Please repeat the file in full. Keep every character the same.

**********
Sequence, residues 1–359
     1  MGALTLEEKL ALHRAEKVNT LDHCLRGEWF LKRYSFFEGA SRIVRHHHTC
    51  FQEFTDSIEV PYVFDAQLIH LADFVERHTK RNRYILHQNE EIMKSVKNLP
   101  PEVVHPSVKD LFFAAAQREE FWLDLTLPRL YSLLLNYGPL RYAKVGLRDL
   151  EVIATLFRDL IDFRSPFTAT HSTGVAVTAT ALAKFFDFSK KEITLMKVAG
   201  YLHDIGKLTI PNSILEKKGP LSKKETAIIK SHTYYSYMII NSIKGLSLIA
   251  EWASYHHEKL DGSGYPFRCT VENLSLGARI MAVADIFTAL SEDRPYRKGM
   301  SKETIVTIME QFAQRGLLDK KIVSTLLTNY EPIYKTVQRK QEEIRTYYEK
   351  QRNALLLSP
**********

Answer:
Sequence, residues 1–359
     1  MGALTLEEKL ALHRAEKVNT LDHCLRGEWF LKRYSFFEGA SRIVRHHHTC
    51  FQEFTDSIEV PYVFDAQLIH LADFVERHTK RNRYILHQNE EIMKSVKNLP
   101  PEVVHPSVKD LFFAAAQREE FWLDLTLPRL YSLLLNYGPL RYAKVGLRDL
   151  EVIATLFRDL IDFRSPFTAT HSTGVAVTAT ALAKFFDFSK KEITLMKVAG
   201  YLHDIGKLTI PNSILEKKGP LSKKETAIIK SHTYYSYMII NSIKGLSLIA
   251  EWASYHHEKL DGSGYPFRCT VENLSLGARI MAVADIFTAL SEDRPYRKGM
   301  SKETIVTIME QFAQRGLLDK KIVSTLLTNY EPIYKTVQRK QEEIRTYYEK
   351  QRNALLLSP